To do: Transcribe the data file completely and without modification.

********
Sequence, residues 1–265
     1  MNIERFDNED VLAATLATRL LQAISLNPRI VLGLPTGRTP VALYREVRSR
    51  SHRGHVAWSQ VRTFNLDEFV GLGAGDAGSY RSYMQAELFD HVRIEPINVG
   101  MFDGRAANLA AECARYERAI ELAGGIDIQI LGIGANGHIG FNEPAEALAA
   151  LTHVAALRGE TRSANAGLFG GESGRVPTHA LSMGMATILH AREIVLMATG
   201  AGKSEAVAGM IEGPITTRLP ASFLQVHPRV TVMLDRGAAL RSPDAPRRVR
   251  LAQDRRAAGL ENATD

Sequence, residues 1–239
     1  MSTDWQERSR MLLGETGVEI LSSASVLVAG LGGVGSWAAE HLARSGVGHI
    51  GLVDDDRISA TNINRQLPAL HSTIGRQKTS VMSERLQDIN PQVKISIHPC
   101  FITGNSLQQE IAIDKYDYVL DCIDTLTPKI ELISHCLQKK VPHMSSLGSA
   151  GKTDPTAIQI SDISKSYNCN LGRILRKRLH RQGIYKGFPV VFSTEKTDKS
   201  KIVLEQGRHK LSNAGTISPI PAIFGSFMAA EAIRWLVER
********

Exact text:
Sequence, residues 1–265
     1  MNIERFDNED VLAATLATRL LQAISLNPRI VLGLPTGRTP VALYREVRSR
    51  SHRGHVAWSQ VRTFNLDEFV GLGAGDAGSY RSYMQAELFD HVRIEPINVG
   101  MFDGRAANLA AECARYERAI ELAGGIDIQI LGIGANGHIG FNEPAEALAA
   151  LTHVAALRGE TRSANAGLFG GESGRVPTHA LSMGMATILH AREIVLMATG
   201  AGKSEAVAGM IEGPITTRLP ASFLQVHPRV TVMLDRGAAL RSPDAPRRVR
   251  LAQDRRAAGL ENATD

Sequence, residues 1–239
     1  MSTDWQERSR MLLGETGVEI LSSASVLVAG LGGVGSWAAE HLARSGVGHI
    51  GLVDDDRISA TNINRQLPAL HSTIGRQKTS VMSERLQDIN PQVKISIHPC
   101  FITGNSLQQE IAIDKYDYVL DCIDTLTPKI ELISHCLQKK VPHMSSLGSA
   151  GKTDPTAIQI SDISKSYNCN LGRILRKRLH RQGIYKGFPV VFSTEKTDKS
   201  KIVLEQGRHK LSNAGTISPI PAIFGSFMAA EAIRWLVER